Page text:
Thursday, December 3, 2020
“It was the best of times for e-tailers, it was the worst of times for retailers.”
If Charles Dickens were a financial analyst, that’s what he’d write about in 2020.
But he’s dead, and he was never really that into finance. So I’ll fill the void to make such a pronouncement, and then I’ll expound upon it.
Take note: the statement above is just as much a backward-looking fact as a forward-looking one — and that means there’s an investment opportunity hiding in plain sight here.
So let’s get to it…
Retailers Getting Scrooged
Earlier this week, I promised to share my Top 3 Trends heading into year-end.
First on the list is (shocker!) biotech.
Second is e-commerce.
Why? Because retailers are getting Ebenezer Scrooged this holiday season.
For those of you who insist it’s poor form to mix mentions of an author’s literary classics, I don’t give a damn. I’m not writing to bank Pulitzer Prizes here. I’m writing to help you bank profits.
And the best way to do that is to bet against traditional brick-and-mortar retailers, and bet on any and all companies involved in e-commerce.
Why? Simple. Because the double-whammy of a global pandemic and the decades-long boom in e-commerce sites like Amazon.com is permanently changing consumer behavior.
The latest data proves it, too.
And as you’ll see in a moment, there’s an easy way for us to make a single investment to go long e-tailers and short retailers…
Forget Work-From-Home, Focus on Shop-From-Home
One of fastest growing trends in response to the Covid-19 crisis is shopping from home.
In fact, the pandemic-induced changes have propelled U.S. online sales to a level not previously expected until 2022.
More specifically, eMarketer expects online sales to soar 32.4% this year, to $794.50 billion. That’s nearly twice the rate of growth originally predicted.
“We’ve seen ecommerce accelerate in ways that didn’t seem possible last spring, given the extent of the economic crisis,” said Andrew Lipsman, eMarketer principal analyst at Insider Intelligence.
Make no mistake, this trend is universal and permanent.
By that I mean, we’re not simply seeing an increase in online shopping for obvious essentials like groceries. But instead, we’re seeing an across-the-board uptick. Globally. For everything from footwear and jewelry to appliances and electronics, based on the latest survey from McKinsey & Company (see Exhibit 7 here).
Don’t be fooled into thinking that once the pandemic passes (and we all can’t wait), shopping will return to normal. It won’t.
Brick-and-mortar is out. Click-and-order is in!
Or more simply, e-commerce has gone from a convenience to a necessity. That’s obvious when you consider that it now makes up 20.6% of all U.S. retail spending. And growing.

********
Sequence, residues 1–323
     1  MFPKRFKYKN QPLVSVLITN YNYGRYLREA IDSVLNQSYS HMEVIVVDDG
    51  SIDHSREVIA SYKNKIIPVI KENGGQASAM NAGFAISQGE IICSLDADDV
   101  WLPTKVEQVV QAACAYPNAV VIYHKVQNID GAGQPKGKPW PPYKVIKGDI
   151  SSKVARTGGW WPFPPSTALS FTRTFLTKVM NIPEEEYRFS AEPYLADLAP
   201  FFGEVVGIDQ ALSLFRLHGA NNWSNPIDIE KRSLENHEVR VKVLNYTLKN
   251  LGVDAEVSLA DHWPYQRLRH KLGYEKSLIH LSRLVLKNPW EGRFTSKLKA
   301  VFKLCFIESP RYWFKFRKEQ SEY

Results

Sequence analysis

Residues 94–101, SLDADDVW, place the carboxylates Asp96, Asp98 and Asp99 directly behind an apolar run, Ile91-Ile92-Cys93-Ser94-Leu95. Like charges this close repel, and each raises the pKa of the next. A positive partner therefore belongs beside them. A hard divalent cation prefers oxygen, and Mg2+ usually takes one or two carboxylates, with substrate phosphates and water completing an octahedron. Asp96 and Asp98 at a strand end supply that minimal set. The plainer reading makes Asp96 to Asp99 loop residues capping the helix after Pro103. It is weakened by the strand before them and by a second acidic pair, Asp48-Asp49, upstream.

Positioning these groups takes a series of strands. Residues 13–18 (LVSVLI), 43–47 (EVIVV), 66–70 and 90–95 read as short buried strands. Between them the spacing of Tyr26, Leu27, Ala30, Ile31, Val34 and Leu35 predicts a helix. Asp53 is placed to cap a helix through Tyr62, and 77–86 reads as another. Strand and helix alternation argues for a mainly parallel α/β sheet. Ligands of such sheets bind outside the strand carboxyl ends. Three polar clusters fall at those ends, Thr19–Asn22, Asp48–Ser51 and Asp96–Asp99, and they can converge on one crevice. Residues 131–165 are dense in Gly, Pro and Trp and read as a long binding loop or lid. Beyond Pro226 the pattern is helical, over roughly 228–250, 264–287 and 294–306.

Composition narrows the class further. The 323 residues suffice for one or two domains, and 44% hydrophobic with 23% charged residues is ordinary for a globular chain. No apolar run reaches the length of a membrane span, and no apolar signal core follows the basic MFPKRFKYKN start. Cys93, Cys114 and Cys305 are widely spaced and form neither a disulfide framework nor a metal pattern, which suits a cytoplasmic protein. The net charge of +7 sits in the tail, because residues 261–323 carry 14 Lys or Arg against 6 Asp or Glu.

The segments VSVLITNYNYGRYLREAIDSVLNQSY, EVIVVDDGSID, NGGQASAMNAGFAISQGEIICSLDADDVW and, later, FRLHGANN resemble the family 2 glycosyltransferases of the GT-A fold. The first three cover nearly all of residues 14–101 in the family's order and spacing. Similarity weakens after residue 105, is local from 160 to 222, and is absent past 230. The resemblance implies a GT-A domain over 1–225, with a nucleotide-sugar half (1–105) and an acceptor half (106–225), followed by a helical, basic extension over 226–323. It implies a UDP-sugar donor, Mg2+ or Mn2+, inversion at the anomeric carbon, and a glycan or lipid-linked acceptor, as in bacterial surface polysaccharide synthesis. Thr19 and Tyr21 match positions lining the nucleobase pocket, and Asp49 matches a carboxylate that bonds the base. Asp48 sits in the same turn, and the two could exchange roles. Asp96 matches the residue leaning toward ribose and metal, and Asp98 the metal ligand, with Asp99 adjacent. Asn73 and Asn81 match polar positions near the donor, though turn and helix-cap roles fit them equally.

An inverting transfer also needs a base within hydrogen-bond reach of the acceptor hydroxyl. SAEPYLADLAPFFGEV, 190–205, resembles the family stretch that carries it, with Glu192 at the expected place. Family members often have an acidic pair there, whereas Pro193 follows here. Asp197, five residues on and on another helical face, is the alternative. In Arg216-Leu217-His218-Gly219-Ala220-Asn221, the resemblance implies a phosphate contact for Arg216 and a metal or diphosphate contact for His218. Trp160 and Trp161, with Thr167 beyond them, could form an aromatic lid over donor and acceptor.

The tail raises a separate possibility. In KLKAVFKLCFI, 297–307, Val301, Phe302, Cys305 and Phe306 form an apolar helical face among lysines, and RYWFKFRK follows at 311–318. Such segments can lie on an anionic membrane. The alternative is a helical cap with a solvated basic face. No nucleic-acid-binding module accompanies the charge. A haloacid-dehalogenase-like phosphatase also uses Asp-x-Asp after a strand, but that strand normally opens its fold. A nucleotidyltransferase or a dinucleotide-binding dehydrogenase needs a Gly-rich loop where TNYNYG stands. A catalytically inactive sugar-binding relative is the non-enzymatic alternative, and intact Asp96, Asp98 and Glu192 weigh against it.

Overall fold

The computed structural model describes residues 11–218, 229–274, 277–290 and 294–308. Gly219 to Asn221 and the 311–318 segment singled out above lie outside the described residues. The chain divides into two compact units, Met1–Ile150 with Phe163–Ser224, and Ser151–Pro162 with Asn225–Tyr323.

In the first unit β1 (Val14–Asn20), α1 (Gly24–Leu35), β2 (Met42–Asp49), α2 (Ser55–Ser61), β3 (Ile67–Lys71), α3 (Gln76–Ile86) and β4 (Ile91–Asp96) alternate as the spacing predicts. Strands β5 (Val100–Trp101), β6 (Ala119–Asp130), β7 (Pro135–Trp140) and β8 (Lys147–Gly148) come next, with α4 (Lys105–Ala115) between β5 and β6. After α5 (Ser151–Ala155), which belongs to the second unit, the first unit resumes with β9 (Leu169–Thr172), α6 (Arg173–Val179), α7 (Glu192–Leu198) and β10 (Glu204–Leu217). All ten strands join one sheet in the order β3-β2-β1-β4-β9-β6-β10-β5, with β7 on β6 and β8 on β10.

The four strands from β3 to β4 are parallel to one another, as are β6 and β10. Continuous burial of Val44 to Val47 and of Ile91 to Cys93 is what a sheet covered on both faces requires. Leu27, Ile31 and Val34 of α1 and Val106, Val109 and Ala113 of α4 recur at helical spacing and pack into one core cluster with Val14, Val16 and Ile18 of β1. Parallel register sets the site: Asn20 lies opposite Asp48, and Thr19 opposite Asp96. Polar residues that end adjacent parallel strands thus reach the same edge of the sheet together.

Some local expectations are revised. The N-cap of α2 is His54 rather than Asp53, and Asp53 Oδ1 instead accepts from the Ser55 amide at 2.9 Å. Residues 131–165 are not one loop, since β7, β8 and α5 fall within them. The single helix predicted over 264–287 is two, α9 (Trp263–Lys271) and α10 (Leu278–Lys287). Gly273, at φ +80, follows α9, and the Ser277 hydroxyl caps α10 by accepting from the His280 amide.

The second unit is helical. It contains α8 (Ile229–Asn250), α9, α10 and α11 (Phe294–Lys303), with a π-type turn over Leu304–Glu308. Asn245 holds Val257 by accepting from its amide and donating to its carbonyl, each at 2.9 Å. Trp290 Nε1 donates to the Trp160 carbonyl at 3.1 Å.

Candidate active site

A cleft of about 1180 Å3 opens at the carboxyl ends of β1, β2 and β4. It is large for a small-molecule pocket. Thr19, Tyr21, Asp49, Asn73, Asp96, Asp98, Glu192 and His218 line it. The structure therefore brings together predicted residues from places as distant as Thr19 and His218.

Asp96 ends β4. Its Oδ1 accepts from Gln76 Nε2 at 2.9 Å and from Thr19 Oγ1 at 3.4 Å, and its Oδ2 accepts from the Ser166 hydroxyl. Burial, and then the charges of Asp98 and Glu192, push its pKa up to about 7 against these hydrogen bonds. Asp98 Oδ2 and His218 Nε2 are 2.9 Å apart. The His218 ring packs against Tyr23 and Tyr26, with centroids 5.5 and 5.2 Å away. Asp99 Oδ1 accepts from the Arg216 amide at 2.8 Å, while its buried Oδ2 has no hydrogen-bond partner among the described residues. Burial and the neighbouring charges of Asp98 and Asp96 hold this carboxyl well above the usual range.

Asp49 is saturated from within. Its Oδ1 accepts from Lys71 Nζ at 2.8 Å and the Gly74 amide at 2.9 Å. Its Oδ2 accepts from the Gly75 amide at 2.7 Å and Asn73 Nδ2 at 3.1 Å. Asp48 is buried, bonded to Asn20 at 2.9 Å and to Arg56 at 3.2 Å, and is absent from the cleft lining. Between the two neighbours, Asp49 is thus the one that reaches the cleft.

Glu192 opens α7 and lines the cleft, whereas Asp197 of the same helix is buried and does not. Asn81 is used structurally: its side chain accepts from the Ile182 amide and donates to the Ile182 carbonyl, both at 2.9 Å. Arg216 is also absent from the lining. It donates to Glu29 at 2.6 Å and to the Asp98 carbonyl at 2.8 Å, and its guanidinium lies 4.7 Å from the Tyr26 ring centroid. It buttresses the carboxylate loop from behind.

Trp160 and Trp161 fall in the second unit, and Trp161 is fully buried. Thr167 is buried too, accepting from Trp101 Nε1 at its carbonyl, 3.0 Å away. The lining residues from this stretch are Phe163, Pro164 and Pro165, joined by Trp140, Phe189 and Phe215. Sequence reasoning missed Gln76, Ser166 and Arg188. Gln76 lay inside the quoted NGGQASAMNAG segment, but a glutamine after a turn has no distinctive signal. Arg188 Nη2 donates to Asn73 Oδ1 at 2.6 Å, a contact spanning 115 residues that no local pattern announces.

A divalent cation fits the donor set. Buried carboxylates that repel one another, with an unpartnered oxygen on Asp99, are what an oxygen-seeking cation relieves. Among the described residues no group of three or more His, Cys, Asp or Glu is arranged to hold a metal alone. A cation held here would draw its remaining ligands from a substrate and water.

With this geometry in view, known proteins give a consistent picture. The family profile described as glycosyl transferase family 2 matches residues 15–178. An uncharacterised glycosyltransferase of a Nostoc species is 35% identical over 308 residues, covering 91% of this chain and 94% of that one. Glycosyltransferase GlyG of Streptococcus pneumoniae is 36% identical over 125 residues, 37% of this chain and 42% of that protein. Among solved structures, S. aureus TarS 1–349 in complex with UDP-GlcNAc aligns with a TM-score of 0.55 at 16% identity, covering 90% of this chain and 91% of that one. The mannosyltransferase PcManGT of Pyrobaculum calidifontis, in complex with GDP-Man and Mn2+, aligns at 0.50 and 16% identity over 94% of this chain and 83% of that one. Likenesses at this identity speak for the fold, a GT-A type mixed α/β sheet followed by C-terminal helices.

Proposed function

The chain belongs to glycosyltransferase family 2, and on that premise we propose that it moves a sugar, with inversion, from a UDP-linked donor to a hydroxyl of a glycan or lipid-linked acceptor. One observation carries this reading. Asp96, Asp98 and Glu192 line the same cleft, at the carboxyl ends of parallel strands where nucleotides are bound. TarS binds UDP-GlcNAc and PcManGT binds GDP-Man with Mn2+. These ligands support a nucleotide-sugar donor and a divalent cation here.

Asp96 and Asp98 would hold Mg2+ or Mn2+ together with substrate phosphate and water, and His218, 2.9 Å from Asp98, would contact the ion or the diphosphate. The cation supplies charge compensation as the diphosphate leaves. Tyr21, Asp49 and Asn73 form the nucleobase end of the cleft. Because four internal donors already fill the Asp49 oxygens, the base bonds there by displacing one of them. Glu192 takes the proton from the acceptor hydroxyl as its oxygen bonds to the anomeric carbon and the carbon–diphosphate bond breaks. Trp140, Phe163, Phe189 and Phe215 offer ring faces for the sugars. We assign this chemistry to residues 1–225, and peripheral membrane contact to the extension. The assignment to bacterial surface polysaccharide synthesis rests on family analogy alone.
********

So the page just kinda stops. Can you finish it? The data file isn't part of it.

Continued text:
So how do we profit from these competing realities for online and offline retailers?
There’s an ETF For That!
When it comes to e-commerce, obvious investments come to mind like Amazon.com (AMZN), Shopify (SHOP), Alibaba Group (BABA) and eBay (EBAY).
Candidly, your bottom line would probably be well served by going long any and all of them.
But then comes the hard part:
Pairing those long trades with compelling short trades in primarily brick-and-mortar retailers destined to struggle.
Thankfully, you don’t have to worry about doing any of that hard work because – you guessed it – there’s an ETF for that!
The ProShares Long Online/Short Stores ETF (CLIX).
As the name suggests, this ETF combines long positions in retailers with leading online businesses, with short positions in companies that derive 75% or more of sales from brick-and-mortar stores.
There are market cap requirements, too (> $500 million) and monthly rebalancing to ensure the ETF doesn’t change in price too much based on a single or handful of stocks.
In other words, it provides as pure-play of an investment you can get to go long the entire e-commerce sector, and short the entire retail sector.
In a single purchase, to boot.
But wait. There’s more…
This ETF is managed to overweight e-commerce stocks with a 100% long position. It only holds a 50% short position in companies relying almost exclusively on physical stores.
This 100/50 set-up means the fund is naturally hedged against the overall market, which should help reduce volatility.
Add it all up — and you’d be a fool not to stuff your portfolio with a few shares of the ProShares Long Online/Short Stores ETF (CLIX).
It’s the only way you can profit from the best of times and worst of times at the same time!
Ahead of the tape,